Jameil Saez
Jameil Saez was born and raised on an organic produce farm in Puerto Rico and came to Washington, D.C. after finishing college. He first came in contact with NFU through an internship with the public relations department but always knew that he wanted to eventually return to farming. Jameil understands that growing up on a farm versus running a farming business is two very different things, and became interested in furthering his education through the Beginning Farmers Institute (BFI).  “I have a real passion for farming but at the same time I knew that I needed to learn the nuts and bolts of the business-side of farming in order to do it successfully,” he said. “And I was able to accomplish that through BFI.” Today, Jameil works on a two-acre farm in Hawaii while teaching agriculture classes in Molokai, Hawaii. “I want to keep farming but at the same time I’m also interested in the public policy side and educational side of farming as well,” he noted. “It’s great to connect children with our food production system so they better understand that food comes from farms and not grocery stores,” he added.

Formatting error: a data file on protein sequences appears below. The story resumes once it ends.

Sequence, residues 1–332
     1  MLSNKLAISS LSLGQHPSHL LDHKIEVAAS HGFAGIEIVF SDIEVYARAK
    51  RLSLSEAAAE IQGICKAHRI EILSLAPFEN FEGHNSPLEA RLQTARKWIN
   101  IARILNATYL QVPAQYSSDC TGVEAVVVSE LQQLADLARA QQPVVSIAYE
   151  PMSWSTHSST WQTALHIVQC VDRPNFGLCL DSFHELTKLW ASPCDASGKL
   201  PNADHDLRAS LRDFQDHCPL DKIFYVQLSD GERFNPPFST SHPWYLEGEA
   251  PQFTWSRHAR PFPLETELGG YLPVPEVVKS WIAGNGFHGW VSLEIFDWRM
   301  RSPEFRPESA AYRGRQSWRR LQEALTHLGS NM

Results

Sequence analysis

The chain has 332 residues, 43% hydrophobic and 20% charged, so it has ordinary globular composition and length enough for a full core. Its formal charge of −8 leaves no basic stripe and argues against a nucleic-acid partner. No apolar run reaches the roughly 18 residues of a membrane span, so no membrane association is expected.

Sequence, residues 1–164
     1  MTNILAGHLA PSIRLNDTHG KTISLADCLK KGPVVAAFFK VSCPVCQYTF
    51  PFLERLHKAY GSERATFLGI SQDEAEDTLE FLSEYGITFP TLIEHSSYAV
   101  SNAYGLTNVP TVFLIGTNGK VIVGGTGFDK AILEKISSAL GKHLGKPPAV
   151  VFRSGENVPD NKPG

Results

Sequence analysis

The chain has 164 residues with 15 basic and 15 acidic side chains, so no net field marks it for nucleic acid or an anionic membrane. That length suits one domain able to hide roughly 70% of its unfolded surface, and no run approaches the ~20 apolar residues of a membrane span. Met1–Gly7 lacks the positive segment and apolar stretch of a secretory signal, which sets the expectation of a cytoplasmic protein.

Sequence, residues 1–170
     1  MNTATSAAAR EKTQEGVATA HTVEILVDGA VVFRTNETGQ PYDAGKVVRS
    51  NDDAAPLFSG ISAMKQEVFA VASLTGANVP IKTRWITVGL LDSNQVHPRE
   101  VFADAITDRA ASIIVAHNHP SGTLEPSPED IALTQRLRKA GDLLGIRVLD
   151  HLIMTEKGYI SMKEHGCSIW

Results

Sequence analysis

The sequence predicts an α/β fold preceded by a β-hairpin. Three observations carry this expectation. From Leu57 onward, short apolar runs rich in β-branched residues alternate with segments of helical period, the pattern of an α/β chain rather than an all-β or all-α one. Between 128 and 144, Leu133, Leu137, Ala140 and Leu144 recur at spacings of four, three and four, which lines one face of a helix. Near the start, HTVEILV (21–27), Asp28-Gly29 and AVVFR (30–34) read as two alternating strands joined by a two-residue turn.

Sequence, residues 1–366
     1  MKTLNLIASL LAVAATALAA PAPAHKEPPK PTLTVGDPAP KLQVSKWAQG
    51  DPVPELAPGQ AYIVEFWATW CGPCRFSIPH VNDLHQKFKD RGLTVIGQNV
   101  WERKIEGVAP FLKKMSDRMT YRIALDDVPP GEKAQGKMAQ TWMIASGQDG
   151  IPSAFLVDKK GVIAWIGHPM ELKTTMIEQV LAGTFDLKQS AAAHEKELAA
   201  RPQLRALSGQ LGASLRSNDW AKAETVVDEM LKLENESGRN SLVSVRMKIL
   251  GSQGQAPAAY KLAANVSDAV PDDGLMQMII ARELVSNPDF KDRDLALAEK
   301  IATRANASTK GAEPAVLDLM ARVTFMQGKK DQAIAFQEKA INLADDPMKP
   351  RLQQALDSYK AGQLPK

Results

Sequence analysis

Jameil Saez was born and raised on an organic produce farm in Puerto Rico and came to Washington, D.C. after finishing college. He first came in contact with NFU through an internship with the public relations department but always knew that he wanted to eventually return to farming. Jameil understands that growing up on a farm versus running a farming business is two very different things, and became interested in furthering his education through the Beginning Farmers Institute (BFI).  “I have a real passion for farming but at the same time I knew that I needed to learn the nuts and bolts of the business-side of farming in order to do it successfully,” he said. “And I was able to accomplish that through BFI.” Today, Jameil works on a two-acre farm in Hawaii while teaching agriculture classes in Molokai, Hawaii. “I want to keep farming but at the same time I’m also interested in the public policy side and educational side of farming as well,” he noted. “It’s great to connect children with our food production system so they better understand that food comes from farms and not grocery stores,” he added.